Budding Artist: Shiloh


How did you get into art?

I started off with crayons, like everyone else. Loved Sonic the Hedgehog. I used to draw him a lot. And you get praised by your friends and your little, tiny peers. My aunt was actually really supportive in a lot of ways. She’d always treat me like I was already a developed artist. She’d buy me supplies and put my work in protective cases.

I got into markers and gel pens. My mother would actually buy those packs of clay from the Dollar Tree, and I would make little creatures to put in jars of water to keep on my desk. I got really into cells and drawing lead singers from my favorite bands. I did a lot of Kurt Cobain drawings [laughs]. I got more into writing, and I had a real Bell Jar moment in college. I only lasted like three months, and I had to medically withdraw. But then I got my first pack of Microns [pens]. I went crazy with those. Tons of black ink drawings. Then I got into photography.

As time went on, I got into acrylic, watercolor, gouache, and clay. Around 26, I got really into oil painting and then wood carving and wood burning. I’ve never done computer stuff. All my mediums are mostly 2D. A couple months ago, I got really deeply into graphite.

How did you develop your style?

Just the culmination of trying to many things created a distinct style. Like dumping a bunch of shit in a jar and just seeing what it looks like. It’s also different people I’ve met and different influences I’ve had over the years. I’m a huge Frida Khalo fan, so when I saw her work at a young age, I really latched onto that. Also finding inspiration in more free-handed artists like Jean Michel Basquiat or someone as wild as Francis Bacon. I really like the tightness – but also the looseness – of Salvador Dali, but that intricate, fine detailed stuff? I think I really latched onto that.

How would you describe your style?

I see a lot of it as very anatomical – very body-focused. Organs. Inside workings. Stuff on the inside being filtered to the outside. I even just had some medical issues and something as simple (or complex) as a surgery is very inspiring to me. Things like thyroids, endometriosis, gall bladders – these very anatomical, disgusting things – I find a lot of inspiration from.

What about anatomy appeals to you?

It’s as unapologetically human as you can get. Even things like flowers are very anatomical to me, because they obviously resemble a lot of parts of our body. Sexuality and sexual organs, the mind and how it works, it’s hard to explain. I got to be honest, sometimes when I pick up a pencil, I don’t even know what’s happening. It’s just happening. There are times, yes, when I plan things, but there’s a lot of times that I don’t.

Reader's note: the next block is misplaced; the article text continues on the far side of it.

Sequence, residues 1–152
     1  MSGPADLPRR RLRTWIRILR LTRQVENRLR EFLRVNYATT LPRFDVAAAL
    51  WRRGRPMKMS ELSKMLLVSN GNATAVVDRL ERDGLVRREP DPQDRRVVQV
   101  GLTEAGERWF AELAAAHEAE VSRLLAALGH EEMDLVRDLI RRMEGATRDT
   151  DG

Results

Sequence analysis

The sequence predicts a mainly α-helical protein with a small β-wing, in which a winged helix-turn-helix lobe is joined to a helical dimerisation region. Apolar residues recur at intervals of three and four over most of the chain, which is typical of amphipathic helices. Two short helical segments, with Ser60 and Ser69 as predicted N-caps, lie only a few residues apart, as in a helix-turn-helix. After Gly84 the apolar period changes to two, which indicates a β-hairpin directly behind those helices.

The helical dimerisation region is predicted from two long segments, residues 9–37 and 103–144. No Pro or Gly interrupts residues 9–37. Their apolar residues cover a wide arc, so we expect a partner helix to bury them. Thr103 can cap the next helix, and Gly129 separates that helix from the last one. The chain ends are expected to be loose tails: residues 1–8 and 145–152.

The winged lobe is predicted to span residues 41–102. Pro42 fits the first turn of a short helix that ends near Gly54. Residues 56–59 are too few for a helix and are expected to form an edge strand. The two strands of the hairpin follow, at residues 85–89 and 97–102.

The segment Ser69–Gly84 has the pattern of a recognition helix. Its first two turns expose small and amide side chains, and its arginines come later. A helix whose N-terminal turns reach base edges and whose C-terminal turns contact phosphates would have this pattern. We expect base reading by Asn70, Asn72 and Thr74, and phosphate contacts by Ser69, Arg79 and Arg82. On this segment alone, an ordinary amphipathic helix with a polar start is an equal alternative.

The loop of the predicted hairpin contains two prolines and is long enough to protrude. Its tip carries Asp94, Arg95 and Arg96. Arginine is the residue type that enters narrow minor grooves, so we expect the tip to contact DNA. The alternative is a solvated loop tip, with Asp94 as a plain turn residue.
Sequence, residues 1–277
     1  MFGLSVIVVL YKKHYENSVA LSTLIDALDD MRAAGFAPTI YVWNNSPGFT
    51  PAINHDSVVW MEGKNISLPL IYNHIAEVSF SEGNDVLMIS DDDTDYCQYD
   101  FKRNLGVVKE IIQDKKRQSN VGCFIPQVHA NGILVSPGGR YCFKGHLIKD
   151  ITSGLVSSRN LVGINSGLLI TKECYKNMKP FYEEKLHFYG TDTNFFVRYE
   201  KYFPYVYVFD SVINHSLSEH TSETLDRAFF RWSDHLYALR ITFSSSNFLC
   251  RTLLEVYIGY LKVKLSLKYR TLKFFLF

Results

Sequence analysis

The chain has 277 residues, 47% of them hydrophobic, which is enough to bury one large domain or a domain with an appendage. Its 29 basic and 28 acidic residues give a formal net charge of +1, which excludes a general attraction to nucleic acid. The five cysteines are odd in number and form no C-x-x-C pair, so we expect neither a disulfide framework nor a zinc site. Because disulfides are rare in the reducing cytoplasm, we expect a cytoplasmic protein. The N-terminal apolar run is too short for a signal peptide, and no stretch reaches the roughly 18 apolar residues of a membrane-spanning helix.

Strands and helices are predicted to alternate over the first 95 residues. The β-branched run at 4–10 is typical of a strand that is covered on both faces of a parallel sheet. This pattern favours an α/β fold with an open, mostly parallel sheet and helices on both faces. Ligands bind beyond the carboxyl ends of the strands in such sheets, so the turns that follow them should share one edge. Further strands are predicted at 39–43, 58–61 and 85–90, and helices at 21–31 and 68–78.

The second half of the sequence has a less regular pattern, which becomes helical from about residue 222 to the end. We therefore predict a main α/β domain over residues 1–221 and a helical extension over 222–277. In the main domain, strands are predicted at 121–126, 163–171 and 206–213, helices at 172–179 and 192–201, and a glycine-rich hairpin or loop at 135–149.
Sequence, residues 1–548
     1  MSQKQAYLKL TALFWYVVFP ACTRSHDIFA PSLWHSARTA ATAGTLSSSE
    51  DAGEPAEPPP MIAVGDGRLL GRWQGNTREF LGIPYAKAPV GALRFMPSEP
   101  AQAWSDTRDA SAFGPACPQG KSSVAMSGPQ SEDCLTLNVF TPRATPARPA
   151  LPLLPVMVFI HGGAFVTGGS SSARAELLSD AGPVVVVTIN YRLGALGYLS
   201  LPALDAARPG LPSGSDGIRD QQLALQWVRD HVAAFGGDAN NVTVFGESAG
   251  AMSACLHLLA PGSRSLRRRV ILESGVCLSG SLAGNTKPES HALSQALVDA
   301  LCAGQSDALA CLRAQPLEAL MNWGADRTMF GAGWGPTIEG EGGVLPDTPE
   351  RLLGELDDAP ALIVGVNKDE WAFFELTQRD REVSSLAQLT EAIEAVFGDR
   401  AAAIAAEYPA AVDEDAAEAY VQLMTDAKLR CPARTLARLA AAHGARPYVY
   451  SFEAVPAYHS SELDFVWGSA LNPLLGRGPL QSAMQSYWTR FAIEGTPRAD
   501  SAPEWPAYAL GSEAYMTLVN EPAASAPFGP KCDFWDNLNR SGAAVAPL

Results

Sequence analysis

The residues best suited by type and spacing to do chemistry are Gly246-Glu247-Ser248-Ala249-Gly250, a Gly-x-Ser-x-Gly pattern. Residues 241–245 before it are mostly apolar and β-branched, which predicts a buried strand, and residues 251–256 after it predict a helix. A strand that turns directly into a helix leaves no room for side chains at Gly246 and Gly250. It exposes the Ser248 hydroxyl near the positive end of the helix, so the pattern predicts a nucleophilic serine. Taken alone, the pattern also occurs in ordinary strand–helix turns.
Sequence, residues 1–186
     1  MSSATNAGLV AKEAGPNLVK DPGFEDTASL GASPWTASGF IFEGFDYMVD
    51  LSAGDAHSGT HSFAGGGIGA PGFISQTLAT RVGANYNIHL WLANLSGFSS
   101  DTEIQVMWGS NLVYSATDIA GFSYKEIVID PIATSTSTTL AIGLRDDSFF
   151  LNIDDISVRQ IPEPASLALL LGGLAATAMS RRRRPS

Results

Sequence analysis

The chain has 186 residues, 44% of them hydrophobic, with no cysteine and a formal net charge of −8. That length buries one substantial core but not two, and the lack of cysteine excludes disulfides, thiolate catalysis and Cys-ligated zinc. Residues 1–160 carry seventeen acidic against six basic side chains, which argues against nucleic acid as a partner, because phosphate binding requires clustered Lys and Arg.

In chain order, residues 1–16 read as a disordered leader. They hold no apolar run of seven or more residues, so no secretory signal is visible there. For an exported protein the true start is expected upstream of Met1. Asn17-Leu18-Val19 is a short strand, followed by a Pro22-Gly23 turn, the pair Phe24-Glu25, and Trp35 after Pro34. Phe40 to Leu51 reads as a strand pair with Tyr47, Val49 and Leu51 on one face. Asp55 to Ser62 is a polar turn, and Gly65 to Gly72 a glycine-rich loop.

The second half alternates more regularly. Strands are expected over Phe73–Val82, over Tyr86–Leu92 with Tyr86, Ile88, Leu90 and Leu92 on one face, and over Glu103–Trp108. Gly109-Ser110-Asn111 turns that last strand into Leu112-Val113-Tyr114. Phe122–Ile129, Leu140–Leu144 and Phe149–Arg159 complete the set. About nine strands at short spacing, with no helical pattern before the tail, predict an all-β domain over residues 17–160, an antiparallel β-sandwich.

What’s your process?

I start with shapes and let it lead me towards something specific. Or someone I’m sitting next to at training for a job will tell me she’s trying to get pregnant, and that inspires me to do a lot of art about conception and about sperm meeting the egg. I find that so fascinating – the cycle of birth. Everything from discharge to blood to particles inside cells.

What do you want people to get out of your work?

I love hearing what people think. I’ve never done psychedelics, but people used to come to my shows who were really into the psychedelic aspect of it. I didn’t see it, but they did and that’s super cool. I’d say the message is whatever you want it to be. I obviously have my own meanings, but one I vomit it up and share it, it’s for the viewer to decide. As soon as you release it, it’s like a child or animal. It’s gone.

How do you share your art now?

Prior to the pandemic, I was doing shows. I did sell some things online. It’s a very me-first process. I don’t like doing things I don’t want to do. I don’t do things for the aesthetic or to serve the ‘gram. I don’t really care about that at all. Right now, I have a wrist injury just from holding pencils incorrectly so there is some pain and discomfort while doing art. That’s been very hard. Art is very entangled with my identity, but I don’t like to force it.

How can people support you?

If you see something you like, go ahead, and give it a like. If you don’t, it’s okay. Just don’t be a dick. Be nice. Be kind. It’s not hard. You never know what someone’s going through. I think we all deserve a bit of grace. Don’t be unkind. Life is really short. Don’t be a dick.



you said:

Leave a Reply

Your email address will not be published. Required fields are marked *


join the club